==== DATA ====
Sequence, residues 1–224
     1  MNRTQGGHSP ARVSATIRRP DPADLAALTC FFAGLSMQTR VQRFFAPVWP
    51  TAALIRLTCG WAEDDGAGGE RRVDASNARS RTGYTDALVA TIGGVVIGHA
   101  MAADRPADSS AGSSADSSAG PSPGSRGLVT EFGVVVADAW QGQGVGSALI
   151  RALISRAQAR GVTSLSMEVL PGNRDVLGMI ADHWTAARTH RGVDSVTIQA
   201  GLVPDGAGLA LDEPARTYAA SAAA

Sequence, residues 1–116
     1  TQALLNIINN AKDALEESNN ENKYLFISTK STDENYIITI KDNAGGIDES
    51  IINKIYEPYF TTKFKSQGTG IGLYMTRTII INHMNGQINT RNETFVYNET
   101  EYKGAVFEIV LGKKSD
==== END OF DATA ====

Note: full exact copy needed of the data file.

Sequence, residues 1–224
     1  MNRTQGGHSP ARVSATIRRP DPADLAALTC FFAGLSMQTR VQRFFAPVWP
    51  TAALIRLTCG WAEDDGAGGE RRVDASNARS RTGYTDALVA TIGGVVIGHA
   101  MAADRPADSS AGSSADSSAG PSPGSRGLVT EFGVVVADAW QGQGVGSALI
   151  RALISRAQAR GVTSLSMEVL PGNRDVLGMI ADHWTAARTH RGVDSVTIQA
   201  GLVPDGAGLA LDEPARTYAA SAAA

Sequence, residues 1–116
     1  TQALLNIINN AKDALEESNN ENKYLFISTK STDENYIITI KDNAGGIDES
    51  IINKIYEPYF TTKFKSQGTG IGLYMTRTII INHMNGQINT RNETFVYNET
   101  EYKGAVFEIV LGKKSD